Describing the Filter Feeding of Invertebrates Such as Mussels
This essay will be analysing the occurrence of filter feeding and
demonstrating it as a unique adaptation for marine mammals. It will
also analyse how filter feeding, combined with invertebrates such as
mussels, produces a complex, yet distinctive foraging strategy. This
essay will also discuss the features of molluscs and how they are
adapted to use their features to aid their particular means of
feeding, including the full process of how this form of consumption
An important necessity for any organism is ...view middle of the document...
They travel through the siphon. When
passing through, the mucus, on the gills of the invertebrate, traps
the passing particles. The particles and the water current are then
transported by the cilia along a food groove and towards the mouth.
Once entering the intestine, enzymes begin to break down food
particles, leaving the carbohydrates to be absorbed as monomers.
Many bivalve molluscs (two hinged shell invertebrates), feed on
particles in the surrounding water. One example of a mussel that does
this is Mytilus edilis. They live in the interitidal zone, and attach
themselves firmly to rock pilings or any solid surfaces. They achieve
this by secreting threads from the muscular foot; the threads are
called bysusses and prevent the mussel from being able to move around
in the water, unlike other molluscs.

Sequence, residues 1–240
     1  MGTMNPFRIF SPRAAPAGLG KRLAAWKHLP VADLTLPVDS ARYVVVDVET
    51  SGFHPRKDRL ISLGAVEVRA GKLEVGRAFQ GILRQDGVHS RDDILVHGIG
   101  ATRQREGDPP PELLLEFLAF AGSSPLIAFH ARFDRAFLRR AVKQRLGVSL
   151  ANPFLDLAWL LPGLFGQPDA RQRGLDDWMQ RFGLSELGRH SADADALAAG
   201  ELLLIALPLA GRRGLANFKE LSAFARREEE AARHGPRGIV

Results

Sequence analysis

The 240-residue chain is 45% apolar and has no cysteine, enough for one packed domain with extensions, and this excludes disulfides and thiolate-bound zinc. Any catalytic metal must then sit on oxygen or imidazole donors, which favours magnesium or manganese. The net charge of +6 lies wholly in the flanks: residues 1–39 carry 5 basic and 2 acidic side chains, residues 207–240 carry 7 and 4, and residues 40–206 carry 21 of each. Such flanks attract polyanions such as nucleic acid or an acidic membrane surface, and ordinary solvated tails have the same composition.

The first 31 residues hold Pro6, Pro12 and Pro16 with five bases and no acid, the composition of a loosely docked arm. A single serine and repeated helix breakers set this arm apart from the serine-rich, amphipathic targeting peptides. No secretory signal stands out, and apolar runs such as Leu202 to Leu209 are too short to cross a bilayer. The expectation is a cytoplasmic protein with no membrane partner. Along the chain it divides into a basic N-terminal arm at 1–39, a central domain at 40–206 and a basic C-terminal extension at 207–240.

When the mussel is covered in seawater, the two-hinged shells open up
slightly and allow water to enter the body of the mollusc. However,
when the tide is out, its shell protects the body. After this occurs,
the mollusc extends two short tubes, also known as siphons. Then,
through one opening, a current of water is drawn in. It travels across
the gills and out through another opening. A filter feeder creates a
feeding current by the cilia beating or moving rhythmically. This
whole movement arises by the combined effect of these hair- like
projections, which line the spaces within the mussel's shell.
The system of foreign particles being trapped in the body of the
mussel and then digested is very similar to the process in humans. The
cilium within a mollusc traps the foreign particles, including
bacteria, and then takes them to the stomach to be digested. Except,
the cilia are on the filaments of the mussel, and they also send a
current of mucus down each strand and then towards the mouth. The
gills on a mollusc hang downwards and trap the small particles,
including the extraction of dissolved oxygen from the water. As long
as the particles are a suitable size, they will be digested.
Zebra mussels are also filter feeders. When filter feeding, the water
passes through the gills via a small opening called an ostia. Oxygen
is also exchanged across the gills and into the blood, where it can be
transported throughout the mussel. Unlike freshwater mussels that
burrow in sediment zebra mussels also attach themselves to hard
surfaces, such as barnacles. A single zebra mussel can filter up to a